General Marie Pierre Koenig was a French army officer and a politician. Koenig was born in a town called Caen in France. He served with distinction during WWI, and after the war, he continued his service in Morocco. At the time that WWII broke out Koenig was ranked as a Captain and was stationed in Norway to stop the German invasion. Unfortunately, that did not help, and Norway fell to the hands of the Germans. Koenig and a few of his men were able to escape the area and made it to London.
On June 18, 1940 Charles de Gaulle announced the establishment of the “Free French”, the government and military forces-in-exile that were to continue fighting the Germans outside of France’s borders. There weren’t many forces outside France that could join the “free France force”, but Koenig Joined De Gaulle. De Gaulle promoted him to rank of Colonel, and Koenig was named Chief of Staff in the first division.
Koenig served for a while in Syria and Lebanon and later he was promoted again to rank of General and took command of the First French Brigade in Egypt. Together with his unit of 3700 men, Koenig held ground against five Axis divisions for 16 days at the battle of “Bir Hakeim”, where they fought alongside the British and against the Germans and the Italians, until they were ordered to evacuate on June 11, 1942. In the dark of the night, the French and the allies slipped away, unbeknownst to the Germans. They had done the impossible.
After retreating, General Koenig watched as the ragged, unknown Allied survivors from the other end of the line staggered in to the French command center at Gasr-el-Abid. They dragged their wounded as best they could. Major Liebmann reported to a concerned General Koenig. Speaking in perfect French, he told General Koenig they were Jewish Palestinian soldiers. Of the 400 men who made up the battalion, over three hundred, 75%, had been killed or wounded.
The General observed their flag flying proudly. It was being taken down and folded by a very tired Jewish soldier. Koenig demanded to know why the Jewish Soldier was taking the flag down. Major Liebmann told the French General that British regulations did not let them fly their flag, the blue and white flag with the Star of David.
General Koenig ordered the soldier to stop folding up the flag and instead he ordered to place the flag on the front of his army vehicle, right next to and equal to the flag of France. Koenig saluted the flag, and ordered all of his officers to stand at attention and salute as well to the future flag of Israel. It was the first salute ever by a foreign officer. For that and for being a true friend, General Marie-Pierre Koenig is presented at the Friends of Zion Museum in Jerusalem.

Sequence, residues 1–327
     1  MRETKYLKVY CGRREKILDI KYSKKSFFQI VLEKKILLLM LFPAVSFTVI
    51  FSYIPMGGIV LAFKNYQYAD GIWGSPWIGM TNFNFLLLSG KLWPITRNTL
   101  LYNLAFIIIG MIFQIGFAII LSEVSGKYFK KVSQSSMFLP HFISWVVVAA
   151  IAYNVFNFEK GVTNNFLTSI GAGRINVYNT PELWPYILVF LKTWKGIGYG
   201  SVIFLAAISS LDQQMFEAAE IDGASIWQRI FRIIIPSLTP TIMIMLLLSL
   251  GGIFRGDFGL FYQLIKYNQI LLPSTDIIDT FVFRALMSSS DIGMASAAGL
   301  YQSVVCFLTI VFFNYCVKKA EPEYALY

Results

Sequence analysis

After his time in Northern Africa, Koenig served as the Free French delegate to the allied headquarters under General Eisenhower. In 1944, he was given command of the Free French who participated in the invasion of Normandy. Later that year he was given command of the Free Forces of the interior (FFI) in order to unify various French resistance groups under De Gaulle’s control. The role of the FFI became decisive in the battle for Normandy and the landing in Provence of the US seventh army and French army B. on August 21, 1944. De Gaulle appointed Koenig military governor of Paris in order to restore law and order.
After the war, Koenig was commander of the French Army in the French occupation zone in Germany from 1945-1949. In 1949 he became Inspector General in North Africa and in 1950 he was appointed vice president of the Supreme War Council. In 1951, after his retirement, Koenig was elected as a representative to the French National Assembly and briefly served as Minister of Defense.
Marie-Pierre Koenig died on September 2, 1970. In 1984, he was posthumously declared Marshal of France. Throughout his career he was awarded a large number of military honors and decorations